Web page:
You can see here that the NV chip is not connected to any real outputs and as mentioned earlier the OS fakes all of this stuff for you. I did a dx diag on a desktop PC and the "Device Type" lines dont show up in that log, which to me means all devices in there are Full devices. Besides you dont really want to transport your framebuffer over PCI-E to display each time.

If the GPU is used as GPGPU you dont need it to output anything that is true but its also most likely not doing rendering work at that moment in time.

 

My NV 970M GTX says the same thing Render-Only Device, this means that most things work but stuff like VR is impossible. It can render everything but the latency of the VR kit itself is so bad you cant use it.

Edited by NightCreature83

Share this post


Link to post
Share on other sites
2 hours ago, NightCreature83 said:

My NV 970M GTX says the same thing Render-Only Device, this means that most things work but stuff like VR is impossible. It can render everything but the latency of the VR kit itself is so bad you cant use it.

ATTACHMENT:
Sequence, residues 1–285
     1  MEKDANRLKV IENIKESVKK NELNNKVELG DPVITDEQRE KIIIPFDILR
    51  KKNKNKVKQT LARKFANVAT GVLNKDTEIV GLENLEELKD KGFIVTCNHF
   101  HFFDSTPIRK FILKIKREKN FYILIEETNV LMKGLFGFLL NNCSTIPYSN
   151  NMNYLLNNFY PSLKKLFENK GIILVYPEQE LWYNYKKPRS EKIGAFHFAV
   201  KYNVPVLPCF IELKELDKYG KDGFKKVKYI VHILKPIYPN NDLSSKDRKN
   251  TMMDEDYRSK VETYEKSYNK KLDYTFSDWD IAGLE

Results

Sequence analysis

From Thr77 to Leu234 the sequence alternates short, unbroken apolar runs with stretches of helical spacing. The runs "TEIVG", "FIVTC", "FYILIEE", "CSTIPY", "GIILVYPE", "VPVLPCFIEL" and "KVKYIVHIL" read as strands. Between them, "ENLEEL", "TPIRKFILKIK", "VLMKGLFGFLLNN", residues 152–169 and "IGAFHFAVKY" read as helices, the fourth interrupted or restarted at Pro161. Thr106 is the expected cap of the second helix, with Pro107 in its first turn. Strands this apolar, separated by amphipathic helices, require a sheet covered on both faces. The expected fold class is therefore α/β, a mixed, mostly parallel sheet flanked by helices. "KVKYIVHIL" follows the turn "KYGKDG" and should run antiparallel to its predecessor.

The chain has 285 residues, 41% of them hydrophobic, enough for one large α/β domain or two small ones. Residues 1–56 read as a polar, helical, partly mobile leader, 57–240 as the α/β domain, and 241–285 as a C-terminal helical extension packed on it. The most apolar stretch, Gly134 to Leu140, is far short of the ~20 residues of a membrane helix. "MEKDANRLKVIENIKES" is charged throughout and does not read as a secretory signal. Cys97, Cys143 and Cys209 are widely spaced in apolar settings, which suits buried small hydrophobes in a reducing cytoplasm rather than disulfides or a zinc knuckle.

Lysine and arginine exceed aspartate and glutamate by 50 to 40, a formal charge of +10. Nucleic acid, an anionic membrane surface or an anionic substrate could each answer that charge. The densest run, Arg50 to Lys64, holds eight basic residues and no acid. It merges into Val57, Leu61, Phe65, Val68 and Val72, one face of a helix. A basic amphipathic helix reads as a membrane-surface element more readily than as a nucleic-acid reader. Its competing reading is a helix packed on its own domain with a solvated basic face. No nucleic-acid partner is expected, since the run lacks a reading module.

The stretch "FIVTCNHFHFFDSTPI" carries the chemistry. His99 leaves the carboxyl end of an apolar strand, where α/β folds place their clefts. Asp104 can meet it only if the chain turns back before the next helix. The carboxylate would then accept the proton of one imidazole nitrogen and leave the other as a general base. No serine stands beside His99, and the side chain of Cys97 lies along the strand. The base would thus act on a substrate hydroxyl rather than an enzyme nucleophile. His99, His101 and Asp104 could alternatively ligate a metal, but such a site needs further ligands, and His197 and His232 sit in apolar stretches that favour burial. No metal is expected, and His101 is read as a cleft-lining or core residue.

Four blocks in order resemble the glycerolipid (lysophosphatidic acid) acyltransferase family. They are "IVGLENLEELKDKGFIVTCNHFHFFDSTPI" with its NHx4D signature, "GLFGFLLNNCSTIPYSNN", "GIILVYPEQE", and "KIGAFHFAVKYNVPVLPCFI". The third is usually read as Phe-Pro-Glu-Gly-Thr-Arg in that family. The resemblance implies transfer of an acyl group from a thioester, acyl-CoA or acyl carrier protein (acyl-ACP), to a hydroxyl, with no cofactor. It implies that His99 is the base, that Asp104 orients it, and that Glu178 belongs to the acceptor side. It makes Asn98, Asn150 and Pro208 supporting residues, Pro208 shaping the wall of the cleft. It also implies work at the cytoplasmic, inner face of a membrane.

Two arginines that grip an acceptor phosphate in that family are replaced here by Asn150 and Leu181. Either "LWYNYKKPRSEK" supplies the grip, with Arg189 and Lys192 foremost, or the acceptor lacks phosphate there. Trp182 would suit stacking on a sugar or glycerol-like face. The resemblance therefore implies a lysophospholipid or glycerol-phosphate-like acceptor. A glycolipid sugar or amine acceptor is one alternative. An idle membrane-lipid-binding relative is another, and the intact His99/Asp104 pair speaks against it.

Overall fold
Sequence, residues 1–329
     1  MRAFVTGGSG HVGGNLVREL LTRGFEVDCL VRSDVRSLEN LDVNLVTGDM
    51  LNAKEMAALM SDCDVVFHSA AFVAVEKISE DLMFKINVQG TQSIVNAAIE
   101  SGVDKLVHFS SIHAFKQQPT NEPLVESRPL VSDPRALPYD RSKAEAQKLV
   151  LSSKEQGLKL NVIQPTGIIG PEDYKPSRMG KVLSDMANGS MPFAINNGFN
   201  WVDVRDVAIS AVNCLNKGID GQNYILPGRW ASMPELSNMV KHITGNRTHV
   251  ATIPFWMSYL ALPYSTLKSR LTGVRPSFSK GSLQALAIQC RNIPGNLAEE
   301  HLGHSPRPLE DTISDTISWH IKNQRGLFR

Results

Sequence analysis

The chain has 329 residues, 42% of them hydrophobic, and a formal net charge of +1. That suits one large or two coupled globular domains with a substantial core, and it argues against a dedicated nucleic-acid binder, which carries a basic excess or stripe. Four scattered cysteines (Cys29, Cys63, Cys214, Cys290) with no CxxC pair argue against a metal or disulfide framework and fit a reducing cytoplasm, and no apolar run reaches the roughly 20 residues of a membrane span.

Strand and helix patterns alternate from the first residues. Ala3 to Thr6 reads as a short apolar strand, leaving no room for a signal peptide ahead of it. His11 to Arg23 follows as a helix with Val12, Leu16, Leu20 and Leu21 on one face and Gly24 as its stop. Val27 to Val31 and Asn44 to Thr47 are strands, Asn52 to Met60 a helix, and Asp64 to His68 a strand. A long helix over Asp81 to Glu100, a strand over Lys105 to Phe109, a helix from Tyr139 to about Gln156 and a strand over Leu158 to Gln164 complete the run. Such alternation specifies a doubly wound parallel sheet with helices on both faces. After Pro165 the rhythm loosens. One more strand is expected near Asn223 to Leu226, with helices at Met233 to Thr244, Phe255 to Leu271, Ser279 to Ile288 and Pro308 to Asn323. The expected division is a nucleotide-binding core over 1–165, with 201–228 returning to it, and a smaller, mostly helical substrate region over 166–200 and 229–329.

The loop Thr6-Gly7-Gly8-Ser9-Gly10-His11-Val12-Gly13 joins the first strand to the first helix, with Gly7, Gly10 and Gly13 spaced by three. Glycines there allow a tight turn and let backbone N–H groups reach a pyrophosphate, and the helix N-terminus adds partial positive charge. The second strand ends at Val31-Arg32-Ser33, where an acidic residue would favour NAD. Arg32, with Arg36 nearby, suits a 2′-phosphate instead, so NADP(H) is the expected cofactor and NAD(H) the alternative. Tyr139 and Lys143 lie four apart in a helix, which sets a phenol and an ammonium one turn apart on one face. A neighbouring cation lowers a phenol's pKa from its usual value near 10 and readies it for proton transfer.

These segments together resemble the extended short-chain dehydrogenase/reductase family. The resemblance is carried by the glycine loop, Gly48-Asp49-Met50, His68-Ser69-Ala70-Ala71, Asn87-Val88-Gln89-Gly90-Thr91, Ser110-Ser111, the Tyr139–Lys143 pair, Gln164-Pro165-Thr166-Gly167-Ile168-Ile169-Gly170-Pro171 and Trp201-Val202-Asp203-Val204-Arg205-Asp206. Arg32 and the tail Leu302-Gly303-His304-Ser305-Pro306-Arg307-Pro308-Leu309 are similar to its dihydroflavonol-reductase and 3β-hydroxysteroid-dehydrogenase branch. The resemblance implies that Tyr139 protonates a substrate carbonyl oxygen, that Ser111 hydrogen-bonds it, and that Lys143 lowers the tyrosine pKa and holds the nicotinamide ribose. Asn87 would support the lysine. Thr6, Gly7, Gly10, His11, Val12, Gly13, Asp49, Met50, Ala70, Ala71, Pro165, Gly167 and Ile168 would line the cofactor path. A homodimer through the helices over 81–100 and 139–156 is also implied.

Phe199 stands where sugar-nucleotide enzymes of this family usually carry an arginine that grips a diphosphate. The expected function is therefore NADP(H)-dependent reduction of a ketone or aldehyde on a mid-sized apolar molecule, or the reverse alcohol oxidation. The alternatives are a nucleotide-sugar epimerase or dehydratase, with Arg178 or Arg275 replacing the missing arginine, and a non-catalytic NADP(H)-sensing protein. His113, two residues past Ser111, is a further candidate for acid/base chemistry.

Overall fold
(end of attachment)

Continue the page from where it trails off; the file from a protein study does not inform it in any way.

How do GTX 1060M etc. "VR-Ready" notebooks handle VR in the presence of an integrated and dedicated GPU?

Share this post


Link to post
Share on other sites

They actually have dedicated output paths to HDMI, so in the case of the hybrids they all run the external outputs over the iGPU which adds a frame delay to the frame being rendered. Also there is no 1060m NVidia did away with the mobile lineup and just sticks desktop grade chips in the laptops now (maxwel2 already paved the way for that its why a 970m is so powerful and is actually comparable to a 960 desktop chip).

For video and display purpose this doesnt matter that much but for VR it does because the tracking needs to match the frame rendering.

This is why its important that if you have a laptop and you want to buy a VR kit you check its VR Ready.

Share this post


Link to post
Share on other sites

Create an account or sign in to comment

You need to be a member in order to leave a comment

Create an account

Sign up for a new account in our community. It's easy!

Register a new account

Sign in

Already have an account? Sign in here.

Sign In Now